In the study, 180 patients with osteoarthritis of the knee were randomly assigned to receive arthroscopic debridement, arthroscopic lavage, or placebo surgery. At no point during the study did patients in the groups receiving arthroscopic debridement or lavage report less pain or improved joint function compared to the placebo group.

The results of the study had a huge impact and there was confusion over who should be having the surgery. Had patients and insurance companies been paying out big bucks for a procedure that had no more effect than placebo?

Cochrane Review of Arthroscopic Debridement

A Cochrane review of research pertaining to arthroscopic debridement was published in 2008 and offered a bit more insight. Three randomized, controlled trials involving a total of 271 patients were included in the review. In one study, compared to lavage, there was no significant difference found for arthroscopic debridement. Compared to placebo (sham surgery), there were worse outcomes for arthroscopic surgery at 2 weeks in terms of pain and function, and no significant difference at two years.

The second study compared arthroscopic debridement with washout and concluded that arthroscopic debridement significantly reduced knee pain at five years. The third study compared arthroscopic debridement to closed-needle lavage and concluded there was no significant difference.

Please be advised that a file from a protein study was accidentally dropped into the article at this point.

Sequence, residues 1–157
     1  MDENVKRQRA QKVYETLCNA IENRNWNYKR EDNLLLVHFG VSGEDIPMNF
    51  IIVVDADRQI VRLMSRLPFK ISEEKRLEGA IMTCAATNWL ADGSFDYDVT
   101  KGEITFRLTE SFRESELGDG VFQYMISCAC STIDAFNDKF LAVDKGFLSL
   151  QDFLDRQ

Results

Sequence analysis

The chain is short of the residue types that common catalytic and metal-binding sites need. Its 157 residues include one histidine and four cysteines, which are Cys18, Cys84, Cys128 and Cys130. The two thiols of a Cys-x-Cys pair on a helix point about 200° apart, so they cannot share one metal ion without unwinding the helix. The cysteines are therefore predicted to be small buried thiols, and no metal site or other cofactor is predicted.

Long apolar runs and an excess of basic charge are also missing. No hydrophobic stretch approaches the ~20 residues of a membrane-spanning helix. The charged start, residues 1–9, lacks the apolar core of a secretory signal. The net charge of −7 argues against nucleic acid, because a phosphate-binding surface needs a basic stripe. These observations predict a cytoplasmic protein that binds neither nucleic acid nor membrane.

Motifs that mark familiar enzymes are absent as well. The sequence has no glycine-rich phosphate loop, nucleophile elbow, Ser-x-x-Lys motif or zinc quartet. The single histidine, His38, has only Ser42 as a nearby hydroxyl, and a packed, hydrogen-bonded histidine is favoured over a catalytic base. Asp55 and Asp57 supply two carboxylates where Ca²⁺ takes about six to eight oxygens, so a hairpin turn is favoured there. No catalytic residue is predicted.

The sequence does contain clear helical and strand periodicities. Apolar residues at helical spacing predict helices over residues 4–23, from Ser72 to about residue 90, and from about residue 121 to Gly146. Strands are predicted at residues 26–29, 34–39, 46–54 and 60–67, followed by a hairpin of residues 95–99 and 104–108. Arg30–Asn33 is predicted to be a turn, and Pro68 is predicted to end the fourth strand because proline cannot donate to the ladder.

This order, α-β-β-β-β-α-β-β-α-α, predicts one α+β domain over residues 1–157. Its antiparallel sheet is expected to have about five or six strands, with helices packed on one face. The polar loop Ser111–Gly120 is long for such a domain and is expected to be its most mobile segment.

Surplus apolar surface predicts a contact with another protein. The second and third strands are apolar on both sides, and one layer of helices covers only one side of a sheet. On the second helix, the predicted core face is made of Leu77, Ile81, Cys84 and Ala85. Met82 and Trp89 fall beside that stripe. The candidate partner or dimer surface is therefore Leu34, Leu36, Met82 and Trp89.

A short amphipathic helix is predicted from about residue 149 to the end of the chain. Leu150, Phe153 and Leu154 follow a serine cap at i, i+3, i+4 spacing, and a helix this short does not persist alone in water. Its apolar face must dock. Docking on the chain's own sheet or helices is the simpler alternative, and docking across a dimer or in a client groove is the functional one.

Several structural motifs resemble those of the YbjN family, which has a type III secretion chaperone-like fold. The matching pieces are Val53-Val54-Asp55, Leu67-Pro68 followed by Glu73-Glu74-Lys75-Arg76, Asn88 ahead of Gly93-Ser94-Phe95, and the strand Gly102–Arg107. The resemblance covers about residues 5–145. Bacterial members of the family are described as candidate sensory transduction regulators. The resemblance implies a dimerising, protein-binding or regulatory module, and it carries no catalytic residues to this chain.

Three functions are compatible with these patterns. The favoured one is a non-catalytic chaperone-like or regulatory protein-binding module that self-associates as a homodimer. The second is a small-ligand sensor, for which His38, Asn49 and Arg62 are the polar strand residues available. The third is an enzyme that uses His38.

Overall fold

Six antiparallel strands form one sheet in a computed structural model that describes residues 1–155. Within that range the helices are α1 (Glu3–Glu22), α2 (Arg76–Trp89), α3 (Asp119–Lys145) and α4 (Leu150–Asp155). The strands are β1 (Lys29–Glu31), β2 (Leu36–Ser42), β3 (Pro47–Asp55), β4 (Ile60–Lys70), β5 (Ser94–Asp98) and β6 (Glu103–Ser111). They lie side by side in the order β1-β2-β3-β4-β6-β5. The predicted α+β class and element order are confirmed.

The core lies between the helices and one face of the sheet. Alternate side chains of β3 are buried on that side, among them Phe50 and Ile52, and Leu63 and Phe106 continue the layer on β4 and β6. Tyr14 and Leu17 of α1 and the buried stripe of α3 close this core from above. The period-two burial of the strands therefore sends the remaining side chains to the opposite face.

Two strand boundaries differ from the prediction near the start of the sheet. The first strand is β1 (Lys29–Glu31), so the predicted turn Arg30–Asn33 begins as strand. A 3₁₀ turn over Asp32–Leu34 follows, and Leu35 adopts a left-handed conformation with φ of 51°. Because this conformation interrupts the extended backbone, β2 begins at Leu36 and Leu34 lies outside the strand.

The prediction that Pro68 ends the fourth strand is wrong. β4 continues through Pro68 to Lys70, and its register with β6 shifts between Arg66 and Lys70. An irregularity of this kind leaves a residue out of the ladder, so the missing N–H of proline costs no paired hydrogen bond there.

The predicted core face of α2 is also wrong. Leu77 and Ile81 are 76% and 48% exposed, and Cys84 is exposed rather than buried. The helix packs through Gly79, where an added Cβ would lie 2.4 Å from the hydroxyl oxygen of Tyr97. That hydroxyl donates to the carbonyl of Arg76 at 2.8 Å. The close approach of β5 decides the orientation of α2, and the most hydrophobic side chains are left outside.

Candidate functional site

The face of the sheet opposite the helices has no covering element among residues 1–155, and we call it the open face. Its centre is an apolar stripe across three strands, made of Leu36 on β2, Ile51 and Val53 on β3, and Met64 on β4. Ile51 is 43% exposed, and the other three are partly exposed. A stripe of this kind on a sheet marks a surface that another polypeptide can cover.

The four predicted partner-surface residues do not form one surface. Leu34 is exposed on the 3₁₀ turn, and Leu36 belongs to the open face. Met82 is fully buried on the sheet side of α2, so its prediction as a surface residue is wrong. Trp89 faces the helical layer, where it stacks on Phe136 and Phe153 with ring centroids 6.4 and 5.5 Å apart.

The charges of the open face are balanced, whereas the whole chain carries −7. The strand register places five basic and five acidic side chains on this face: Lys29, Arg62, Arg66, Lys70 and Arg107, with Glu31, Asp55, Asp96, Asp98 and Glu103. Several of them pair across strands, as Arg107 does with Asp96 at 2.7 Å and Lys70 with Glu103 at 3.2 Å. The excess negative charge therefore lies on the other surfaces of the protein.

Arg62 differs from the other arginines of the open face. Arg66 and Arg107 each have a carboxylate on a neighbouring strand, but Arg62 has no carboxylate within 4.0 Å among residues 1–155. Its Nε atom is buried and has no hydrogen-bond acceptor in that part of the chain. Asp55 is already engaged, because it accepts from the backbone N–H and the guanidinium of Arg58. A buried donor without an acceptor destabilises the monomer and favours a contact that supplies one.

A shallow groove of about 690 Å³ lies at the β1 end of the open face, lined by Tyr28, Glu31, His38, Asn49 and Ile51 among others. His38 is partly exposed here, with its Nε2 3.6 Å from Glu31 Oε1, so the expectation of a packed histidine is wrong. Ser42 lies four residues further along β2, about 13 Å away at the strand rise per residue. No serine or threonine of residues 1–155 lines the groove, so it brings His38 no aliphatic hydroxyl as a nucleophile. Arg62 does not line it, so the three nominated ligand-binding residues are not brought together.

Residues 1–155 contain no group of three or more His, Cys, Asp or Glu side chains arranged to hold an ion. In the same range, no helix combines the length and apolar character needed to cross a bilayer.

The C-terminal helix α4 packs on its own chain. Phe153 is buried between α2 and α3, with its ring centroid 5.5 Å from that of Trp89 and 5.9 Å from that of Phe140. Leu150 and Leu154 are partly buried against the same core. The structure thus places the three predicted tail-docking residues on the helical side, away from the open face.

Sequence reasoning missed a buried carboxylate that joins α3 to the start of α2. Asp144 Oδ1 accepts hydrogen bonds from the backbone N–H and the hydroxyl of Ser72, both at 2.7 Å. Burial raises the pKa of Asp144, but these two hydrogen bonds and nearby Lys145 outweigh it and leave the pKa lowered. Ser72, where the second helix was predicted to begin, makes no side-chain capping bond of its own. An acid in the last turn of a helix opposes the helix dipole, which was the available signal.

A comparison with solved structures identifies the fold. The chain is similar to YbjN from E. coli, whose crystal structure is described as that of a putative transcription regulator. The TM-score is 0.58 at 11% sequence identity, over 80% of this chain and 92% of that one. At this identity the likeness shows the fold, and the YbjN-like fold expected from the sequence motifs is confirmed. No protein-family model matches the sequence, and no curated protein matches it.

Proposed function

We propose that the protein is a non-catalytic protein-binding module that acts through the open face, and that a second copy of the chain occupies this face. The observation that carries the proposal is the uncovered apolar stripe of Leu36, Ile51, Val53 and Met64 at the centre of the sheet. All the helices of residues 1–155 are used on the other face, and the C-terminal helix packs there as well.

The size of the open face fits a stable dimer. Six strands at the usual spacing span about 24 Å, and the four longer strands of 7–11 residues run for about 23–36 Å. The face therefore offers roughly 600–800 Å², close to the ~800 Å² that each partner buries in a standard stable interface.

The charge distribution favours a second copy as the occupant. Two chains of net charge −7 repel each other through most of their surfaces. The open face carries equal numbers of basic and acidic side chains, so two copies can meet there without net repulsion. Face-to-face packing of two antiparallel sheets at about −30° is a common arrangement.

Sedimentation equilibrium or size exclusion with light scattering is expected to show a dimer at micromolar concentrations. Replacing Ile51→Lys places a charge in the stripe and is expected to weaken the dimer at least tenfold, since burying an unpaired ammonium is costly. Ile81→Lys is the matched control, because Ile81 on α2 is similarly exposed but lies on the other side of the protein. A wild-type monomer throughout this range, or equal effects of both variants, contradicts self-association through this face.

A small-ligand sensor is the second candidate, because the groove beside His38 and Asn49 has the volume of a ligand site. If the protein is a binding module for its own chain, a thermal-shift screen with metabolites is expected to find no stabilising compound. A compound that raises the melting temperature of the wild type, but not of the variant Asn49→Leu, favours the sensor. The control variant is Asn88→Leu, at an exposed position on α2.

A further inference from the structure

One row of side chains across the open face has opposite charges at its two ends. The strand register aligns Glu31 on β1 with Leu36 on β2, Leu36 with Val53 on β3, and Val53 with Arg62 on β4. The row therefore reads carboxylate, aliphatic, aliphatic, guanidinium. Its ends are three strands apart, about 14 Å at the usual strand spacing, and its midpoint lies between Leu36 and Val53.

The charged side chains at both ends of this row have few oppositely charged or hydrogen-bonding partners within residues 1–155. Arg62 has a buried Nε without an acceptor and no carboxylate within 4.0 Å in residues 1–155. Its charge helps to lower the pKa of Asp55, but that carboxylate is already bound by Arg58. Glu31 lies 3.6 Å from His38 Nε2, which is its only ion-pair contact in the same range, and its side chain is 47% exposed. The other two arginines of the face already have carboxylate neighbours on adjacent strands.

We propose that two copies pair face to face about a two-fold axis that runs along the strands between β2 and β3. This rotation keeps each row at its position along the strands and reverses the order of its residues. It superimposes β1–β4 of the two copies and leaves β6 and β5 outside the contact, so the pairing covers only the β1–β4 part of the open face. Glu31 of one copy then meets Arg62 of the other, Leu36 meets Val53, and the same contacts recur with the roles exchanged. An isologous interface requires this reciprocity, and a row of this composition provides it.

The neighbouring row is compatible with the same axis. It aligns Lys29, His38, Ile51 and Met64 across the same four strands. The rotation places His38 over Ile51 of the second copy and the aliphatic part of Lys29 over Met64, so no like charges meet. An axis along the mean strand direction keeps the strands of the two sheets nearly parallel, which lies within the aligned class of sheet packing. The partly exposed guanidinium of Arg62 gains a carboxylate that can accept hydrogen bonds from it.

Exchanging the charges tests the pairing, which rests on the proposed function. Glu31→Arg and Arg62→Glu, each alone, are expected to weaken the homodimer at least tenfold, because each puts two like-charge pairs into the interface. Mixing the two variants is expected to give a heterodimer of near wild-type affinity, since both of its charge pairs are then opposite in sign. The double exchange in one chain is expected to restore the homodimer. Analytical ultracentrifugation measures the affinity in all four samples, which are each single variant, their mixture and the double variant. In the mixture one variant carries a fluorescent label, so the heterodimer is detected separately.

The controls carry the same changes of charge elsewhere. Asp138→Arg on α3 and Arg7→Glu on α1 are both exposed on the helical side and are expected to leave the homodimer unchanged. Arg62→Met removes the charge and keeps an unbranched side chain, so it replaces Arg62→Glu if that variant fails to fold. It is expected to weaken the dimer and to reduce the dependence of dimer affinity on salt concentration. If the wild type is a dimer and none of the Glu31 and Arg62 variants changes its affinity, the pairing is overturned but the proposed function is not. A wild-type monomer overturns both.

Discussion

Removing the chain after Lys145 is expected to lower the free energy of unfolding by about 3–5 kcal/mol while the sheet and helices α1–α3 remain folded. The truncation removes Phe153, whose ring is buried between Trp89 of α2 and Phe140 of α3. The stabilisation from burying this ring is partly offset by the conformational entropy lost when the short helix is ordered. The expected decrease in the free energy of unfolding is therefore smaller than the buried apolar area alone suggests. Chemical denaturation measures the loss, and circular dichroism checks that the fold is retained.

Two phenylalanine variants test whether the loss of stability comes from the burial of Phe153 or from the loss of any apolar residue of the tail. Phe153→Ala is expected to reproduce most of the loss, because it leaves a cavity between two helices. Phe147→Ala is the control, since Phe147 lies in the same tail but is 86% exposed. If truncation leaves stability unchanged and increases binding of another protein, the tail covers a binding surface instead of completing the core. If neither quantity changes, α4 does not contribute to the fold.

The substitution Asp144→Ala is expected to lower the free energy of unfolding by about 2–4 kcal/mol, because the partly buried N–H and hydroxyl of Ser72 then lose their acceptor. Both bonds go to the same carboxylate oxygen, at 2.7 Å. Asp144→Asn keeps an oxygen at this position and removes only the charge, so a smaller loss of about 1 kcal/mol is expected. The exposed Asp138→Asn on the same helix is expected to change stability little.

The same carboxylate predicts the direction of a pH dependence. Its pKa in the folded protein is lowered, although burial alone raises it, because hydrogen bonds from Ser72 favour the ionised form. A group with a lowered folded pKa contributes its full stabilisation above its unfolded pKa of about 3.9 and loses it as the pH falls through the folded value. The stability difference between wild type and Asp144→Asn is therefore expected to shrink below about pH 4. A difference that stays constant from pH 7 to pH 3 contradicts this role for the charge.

Other research since then has come to the same conclusion: there isn't enough clinical evidence that arthroscopic debridement is effective for osteoarthritis of the knee and it's not a recommended treatment.

The Bottom Line

The American Academy of Orthopaedic Surgeons (AAOS) incorporated the conclusions into their treatment recommendations for knee osteoarthritis. The AAOS states that it cannot recommend arthroscopic debridement and/or lavage to treat osteoarthritis. This recommendation is based primarily on the above-mentioned 2002 study, along with two other similar studies conducted later. However, the recommendation doesn't apply to people with a primary diagnosis of a meniscal tear, loose body, or other derangements in the knee along with osteoarthritis.

Frequently Asked Questions

  • What is arthroscopic debridement?